Ko Wen-je’s running mate is Wu Hsin-ying, a member of the Legislative assembly for Ko’s TPP. Educated in the UK and the US, she is the daughter of Eugene Wu, the former chairman of Shin Kong Financial Holdings, a financial, property and insurance conglomerate. Wu Hsin-ying previously held a leadership position within the Shin Kong group under her father. In campaign terms, she probably does not solve Ko’s fundamental campaign problem of winning over southern Taiwanese voters.

The KMT’s Hou Yu-yih’s vice presidential choice is Jaw Shaw-kong, who has held a number of roles in government since the 1980s, both during and after the martial law period. Jaw split from the KMT in the 1990s and joined the right-wing New Party before leaving politics to establish a media group. He ultimately led the acquisition what was originally the KMT party-state broadcaster China Broadcasting Corporation when it was privatised in 2005. He maintained a public media profile and rejoined the KMT in 2021. Jaw is very conservative and, in his commitment to the concept of the Republic of China, represents the so-called Deep Blues who are the KMT’s base. He puts a floor under the KMT’s vote while the more centrist presidential candidate, Hou Yu-yih, in theory reaches more moderate voters.

The running mate for the DPP’s Lai Ching-te is Hsiao Bi-khim, a choice telegraphed for many months. Hsiao had been serving as Taiwan’s representative to the US in Washington since 2020 under President Tsai Ing-wen. The daughter of a Presbyterian minister and educated in the US, Hsiao has been one of the most enduring progressive political figures of the democracy era on the DPP side. She became involved in DPP youth politics in the US before returning to Taiwan to lead its international office in the 1990s, then worked within the DPP administration of Chen Shui-bian in the 2000s as well as holding a seat in the Legislative Yuan. In the 2010s, she campaigned in legislative elections for the KMT stronghold of Hualien County on the east coast, ultimately winning in 2016. Among many issues, Hsiao promoted a coastal ferry service for Hualien, which is isolated on the eastern side of Taiwan’s huge central mountains, using an Incat catamaran built in Tasmania, the Natchan Rera.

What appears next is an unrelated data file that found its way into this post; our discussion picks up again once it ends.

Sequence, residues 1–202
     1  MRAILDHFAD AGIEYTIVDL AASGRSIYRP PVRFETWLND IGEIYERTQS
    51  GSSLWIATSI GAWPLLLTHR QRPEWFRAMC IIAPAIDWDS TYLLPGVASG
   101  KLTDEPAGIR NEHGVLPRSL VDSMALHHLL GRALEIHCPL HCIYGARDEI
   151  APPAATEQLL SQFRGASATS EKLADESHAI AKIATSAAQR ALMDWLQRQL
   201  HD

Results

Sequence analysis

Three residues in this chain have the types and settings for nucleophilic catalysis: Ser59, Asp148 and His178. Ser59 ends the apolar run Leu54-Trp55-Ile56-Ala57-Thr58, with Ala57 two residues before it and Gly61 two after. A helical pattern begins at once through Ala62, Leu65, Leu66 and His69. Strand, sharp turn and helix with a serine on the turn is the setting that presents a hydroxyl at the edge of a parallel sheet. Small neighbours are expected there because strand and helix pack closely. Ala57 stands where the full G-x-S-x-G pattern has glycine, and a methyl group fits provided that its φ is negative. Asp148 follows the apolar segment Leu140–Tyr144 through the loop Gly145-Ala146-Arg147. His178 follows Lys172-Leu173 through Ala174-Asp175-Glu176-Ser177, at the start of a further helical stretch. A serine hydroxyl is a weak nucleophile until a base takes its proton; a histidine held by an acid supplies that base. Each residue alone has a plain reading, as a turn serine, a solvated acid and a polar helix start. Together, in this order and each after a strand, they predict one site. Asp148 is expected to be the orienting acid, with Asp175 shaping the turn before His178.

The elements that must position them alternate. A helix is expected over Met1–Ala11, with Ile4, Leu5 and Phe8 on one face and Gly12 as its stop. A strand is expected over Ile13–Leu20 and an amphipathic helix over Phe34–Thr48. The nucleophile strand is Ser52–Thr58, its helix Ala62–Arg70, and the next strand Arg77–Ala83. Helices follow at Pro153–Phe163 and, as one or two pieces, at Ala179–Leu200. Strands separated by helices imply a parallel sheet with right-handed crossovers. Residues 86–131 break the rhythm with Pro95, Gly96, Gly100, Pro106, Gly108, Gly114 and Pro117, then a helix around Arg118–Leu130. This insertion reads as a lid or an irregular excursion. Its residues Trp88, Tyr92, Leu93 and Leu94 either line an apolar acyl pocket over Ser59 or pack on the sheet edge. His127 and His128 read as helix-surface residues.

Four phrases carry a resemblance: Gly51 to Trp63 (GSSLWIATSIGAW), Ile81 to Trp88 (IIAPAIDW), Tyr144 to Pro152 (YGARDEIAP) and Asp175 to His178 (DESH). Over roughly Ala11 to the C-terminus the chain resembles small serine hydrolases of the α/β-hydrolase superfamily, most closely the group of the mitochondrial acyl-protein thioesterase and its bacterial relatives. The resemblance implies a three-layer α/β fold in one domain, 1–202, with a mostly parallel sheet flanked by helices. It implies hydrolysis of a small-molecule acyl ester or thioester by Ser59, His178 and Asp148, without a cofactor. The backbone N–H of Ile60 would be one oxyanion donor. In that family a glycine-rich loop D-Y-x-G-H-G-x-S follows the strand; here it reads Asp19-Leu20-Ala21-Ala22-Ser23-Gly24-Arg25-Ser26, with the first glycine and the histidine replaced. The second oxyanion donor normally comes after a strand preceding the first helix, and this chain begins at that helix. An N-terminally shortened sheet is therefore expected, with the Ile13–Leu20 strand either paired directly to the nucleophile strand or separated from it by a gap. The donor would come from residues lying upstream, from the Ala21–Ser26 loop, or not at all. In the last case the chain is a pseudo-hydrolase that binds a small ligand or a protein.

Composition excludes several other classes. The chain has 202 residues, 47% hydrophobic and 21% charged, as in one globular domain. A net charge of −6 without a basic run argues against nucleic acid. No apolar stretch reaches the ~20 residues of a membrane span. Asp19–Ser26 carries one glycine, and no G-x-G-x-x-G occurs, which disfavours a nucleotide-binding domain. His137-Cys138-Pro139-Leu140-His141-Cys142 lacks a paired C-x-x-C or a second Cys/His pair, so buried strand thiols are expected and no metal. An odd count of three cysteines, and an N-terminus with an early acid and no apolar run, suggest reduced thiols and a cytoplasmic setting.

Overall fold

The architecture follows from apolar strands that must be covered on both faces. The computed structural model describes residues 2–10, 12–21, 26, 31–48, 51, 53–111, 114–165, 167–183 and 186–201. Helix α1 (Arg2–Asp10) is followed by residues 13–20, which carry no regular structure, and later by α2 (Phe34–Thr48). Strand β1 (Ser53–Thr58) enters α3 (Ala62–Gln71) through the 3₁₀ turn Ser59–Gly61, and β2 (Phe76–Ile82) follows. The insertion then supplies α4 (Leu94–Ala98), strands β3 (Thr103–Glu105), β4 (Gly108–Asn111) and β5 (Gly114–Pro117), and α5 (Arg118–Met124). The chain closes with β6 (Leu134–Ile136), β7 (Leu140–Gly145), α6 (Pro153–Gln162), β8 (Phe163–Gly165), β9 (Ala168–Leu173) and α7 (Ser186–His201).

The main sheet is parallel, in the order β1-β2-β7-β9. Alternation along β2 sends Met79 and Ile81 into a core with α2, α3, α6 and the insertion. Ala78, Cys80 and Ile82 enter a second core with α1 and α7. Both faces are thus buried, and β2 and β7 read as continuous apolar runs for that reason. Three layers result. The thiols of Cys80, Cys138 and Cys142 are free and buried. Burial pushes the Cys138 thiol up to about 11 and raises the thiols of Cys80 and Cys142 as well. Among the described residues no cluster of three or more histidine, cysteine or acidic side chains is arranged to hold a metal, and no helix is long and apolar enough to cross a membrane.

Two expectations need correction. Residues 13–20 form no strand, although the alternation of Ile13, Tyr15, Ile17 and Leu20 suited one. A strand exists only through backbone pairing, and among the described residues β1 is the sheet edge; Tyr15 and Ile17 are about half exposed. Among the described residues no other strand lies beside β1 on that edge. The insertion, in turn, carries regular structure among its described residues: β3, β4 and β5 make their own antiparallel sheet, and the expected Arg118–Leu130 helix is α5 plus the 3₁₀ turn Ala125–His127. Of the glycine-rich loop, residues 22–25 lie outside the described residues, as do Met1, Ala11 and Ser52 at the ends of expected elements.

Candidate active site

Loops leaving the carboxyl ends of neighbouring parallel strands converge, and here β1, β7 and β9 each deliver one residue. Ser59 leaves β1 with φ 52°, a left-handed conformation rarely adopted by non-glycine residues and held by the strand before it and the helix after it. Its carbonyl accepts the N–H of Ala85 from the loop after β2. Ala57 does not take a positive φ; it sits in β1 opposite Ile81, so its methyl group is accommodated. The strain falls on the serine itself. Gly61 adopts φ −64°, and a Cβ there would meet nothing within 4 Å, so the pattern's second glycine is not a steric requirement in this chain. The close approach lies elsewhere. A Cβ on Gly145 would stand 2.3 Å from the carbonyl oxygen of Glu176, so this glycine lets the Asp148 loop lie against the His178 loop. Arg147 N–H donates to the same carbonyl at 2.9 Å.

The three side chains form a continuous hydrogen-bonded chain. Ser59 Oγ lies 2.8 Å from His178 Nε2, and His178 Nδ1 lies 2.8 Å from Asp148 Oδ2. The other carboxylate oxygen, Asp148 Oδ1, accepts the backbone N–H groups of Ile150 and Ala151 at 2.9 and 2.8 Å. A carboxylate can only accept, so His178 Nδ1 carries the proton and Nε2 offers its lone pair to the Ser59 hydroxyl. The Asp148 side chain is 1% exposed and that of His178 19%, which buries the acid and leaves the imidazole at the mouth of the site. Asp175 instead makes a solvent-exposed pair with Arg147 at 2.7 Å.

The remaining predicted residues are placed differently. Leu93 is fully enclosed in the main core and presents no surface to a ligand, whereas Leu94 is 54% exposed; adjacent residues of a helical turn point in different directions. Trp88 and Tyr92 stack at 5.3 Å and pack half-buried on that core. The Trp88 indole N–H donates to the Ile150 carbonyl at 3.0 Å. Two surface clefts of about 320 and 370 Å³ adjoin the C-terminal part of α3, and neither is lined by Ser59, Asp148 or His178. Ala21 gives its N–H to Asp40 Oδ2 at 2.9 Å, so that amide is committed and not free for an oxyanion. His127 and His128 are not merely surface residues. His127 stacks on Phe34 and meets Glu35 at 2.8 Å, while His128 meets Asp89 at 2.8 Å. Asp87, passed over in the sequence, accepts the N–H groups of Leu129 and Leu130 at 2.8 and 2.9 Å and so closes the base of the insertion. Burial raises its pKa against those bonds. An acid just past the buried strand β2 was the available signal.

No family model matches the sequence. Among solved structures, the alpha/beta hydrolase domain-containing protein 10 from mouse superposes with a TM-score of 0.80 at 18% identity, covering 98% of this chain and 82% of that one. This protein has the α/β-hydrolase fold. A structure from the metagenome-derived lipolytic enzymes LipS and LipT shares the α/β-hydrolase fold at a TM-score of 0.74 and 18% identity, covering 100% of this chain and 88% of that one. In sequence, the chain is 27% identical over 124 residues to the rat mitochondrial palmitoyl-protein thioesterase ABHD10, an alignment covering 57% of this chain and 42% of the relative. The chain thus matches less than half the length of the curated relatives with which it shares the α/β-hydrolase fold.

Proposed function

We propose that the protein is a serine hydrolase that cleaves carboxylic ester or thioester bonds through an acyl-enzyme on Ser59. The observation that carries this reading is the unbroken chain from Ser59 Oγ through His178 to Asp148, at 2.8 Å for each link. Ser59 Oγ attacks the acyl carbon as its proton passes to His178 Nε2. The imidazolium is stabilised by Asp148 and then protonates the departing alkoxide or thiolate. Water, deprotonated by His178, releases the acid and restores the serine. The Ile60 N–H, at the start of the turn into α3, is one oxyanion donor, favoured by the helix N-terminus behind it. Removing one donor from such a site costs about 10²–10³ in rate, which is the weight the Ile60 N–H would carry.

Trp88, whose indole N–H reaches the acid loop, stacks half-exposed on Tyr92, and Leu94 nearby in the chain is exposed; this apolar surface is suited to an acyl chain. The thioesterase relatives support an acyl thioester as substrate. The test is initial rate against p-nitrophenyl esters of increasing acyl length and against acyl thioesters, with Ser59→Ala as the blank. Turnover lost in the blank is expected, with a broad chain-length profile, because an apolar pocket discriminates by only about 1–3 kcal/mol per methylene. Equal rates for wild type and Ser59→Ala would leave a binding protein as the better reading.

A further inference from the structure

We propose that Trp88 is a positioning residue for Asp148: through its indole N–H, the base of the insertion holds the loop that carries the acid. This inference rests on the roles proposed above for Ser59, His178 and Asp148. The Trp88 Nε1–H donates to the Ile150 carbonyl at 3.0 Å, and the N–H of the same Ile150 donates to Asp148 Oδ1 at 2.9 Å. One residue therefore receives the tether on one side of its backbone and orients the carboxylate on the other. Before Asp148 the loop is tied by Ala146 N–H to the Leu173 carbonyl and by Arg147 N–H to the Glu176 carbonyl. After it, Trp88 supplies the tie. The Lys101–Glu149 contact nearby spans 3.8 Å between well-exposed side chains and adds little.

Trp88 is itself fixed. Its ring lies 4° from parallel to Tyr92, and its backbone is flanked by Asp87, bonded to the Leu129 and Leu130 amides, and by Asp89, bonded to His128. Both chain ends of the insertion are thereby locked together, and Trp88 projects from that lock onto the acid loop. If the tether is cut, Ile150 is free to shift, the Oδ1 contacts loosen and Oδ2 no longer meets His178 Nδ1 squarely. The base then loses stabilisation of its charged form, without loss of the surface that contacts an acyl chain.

Hsiao Bi-khim is very well-known to Taiwan observers from the US and Europe, but much less so in Australia, which reflects the lack of familiarity with Taiwanese politics in Australian policy-making. Having had a positive presence in Washington as Taiwan representative, Hsiao offers reassurance for the US and delivers continuity for Taiwan internationally if Lai Ching-te is elected president.

One poll taken after the candidate nominations gave Lai Ching-te a bump, while another was much closer. Overall, the campaign has settled into familiar patterns: there are the two main parties and an insurgent third force while internal party dynamics and the narrow concerns of party voter bases shape politics in counter-intuitive ways. There are heartwarming campaign ads mixed with brutal political attacks.

Taiwanese voters can be broadly cynical about politics but favour safe hands in presidential elections. It is still probably Lai Ching-te’s to lose, but there are six weeks to go.